What do fish hear?

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cobia ears

You may not be able to see this fish's ears, but they're in there. Photo courtesy of Matt Boomer.

I recently had an awesome opportunity to go fishing with one of the world’s foremost experts on how fish hear: Dr. Arthur Popper, from the University of Maryland. He’s spent an entire career focusing solely on how fish hear things, and how they react to sounds. Wait a sec – fish don’t have ears, do they?! Actually, they do have inner ears. We can’t see them because they’re inside the fish’s head. As Popper explained, since sound waves travel through liquids and solids rather well and a fish is water-based itself, they don’t need to have outer ears with holes exposed to the air, as we do. The sound waves travel right through the water, through the fish itself, and to its internal ears.

cobia ears

You may not be able to see this fish’s ears, but they’re in there. Photo courtesy of Matt Boomer.

Wait just another sec – we always read about the fish’s lateral line, which it uses to sense vibrations in the water. Doesn’t that preempt “hearing”? Not really. In reality, fish use both organs to sense what’s going on around them. Think of it this way: when a plane roars overhead, you both hear it with your ears and feel it via vibrations travelling through your body, right? Though the mechanics may be different, with a fish it’s essentially the same thing. So, how can we anglers apply this knowledge? Dr. Popper mentioned a few key points as we fished, which were fascination.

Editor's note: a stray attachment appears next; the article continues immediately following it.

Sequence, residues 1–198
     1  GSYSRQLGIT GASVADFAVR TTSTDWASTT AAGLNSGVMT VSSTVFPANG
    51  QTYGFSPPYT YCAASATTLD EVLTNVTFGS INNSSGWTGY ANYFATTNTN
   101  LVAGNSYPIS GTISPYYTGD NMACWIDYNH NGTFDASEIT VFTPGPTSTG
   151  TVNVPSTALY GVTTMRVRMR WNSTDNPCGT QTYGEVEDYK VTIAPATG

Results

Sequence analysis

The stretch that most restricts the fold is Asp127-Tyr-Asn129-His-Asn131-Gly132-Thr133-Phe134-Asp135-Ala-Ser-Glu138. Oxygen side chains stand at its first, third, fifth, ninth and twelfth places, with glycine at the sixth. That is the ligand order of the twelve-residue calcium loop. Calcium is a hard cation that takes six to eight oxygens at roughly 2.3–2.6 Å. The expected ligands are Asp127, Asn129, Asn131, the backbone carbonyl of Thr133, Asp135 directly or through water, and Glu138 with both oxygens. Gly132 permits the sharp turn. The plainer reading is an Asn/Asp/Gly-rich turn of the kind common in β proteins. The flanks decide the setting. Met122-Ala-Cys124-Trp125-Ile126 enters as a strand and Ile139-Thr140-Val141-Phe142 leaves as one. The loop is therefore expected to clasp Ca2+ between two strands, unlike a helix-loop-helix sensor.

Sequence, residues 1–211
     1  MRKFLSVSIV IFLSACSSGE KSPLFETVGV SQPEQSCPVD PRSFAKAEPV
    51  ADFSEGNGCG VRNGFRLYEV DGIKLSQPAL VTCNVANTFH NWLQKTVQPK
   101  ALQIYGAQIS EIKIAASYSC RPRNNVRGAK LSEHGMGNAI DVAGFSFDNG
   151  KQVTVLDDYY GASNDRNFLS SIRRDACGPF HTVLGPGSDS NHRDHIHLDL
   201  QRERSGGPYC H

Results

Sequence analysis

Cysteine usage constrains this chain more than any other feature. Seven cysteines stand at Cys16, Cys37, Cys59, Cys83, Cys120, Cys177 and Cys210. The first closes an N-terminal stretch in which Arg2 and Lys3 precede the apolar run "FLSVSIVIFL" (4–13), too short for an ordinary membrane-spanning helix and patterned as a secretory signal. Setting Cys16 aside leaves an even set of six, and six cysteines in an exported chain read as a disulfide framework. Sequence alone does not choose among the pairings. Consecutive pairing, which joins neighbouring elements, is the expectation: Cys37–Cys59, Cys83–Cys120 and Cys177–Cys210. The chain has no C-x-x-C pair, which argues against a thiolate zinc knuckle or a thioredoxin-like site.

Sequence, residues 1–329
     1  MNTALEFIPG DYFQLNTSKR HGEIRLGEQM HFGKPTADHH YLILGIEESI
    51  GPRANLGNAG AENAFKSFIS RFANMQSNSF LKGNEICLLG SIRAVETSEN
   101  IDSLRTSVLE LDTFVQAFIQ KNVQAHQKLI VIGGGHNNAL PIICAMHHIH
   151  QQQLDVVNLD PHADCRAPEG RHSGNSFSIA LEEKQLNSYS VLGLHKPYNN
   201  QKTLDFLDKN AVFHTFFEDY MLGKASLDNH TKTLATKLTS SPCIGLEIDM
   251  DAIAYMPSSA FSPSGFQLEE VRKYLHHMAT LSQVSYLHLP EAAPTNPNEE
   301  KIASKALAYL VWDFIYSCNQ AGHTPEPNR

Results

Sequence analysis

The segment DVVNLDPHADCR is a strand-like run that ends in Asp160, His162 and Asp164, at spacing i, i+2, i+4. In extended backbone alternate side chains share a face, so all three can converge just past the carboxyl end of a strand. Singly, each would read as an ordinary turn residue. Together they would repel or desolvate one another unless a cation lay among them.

First off, fish hear only at very low frequencies. So much of what we think they hear and what we can hear, they don’t. However, remember that they may still sense the vibrations via their lateral line. Secondly, sounds don’t travel well from air to water, but they can be broadcast through a solid – like your boat. So it stands to reason that sound-deadening properties in a boat (cored hulls, foam decking, foam insulation, etc) could be beneficial in preventing sound transmission from you and what you do aboard, to the watery world below. Third and probably most important to anglers, like any animal fish will become acclimated to sounds. In a backwater area where boats are few and far between, a running motor could grab their attention and potentially spook them. But in a high-traffic area where boats go roaring by all the time, the fish are used to the racket and one boat more or less is probably irrelevant.


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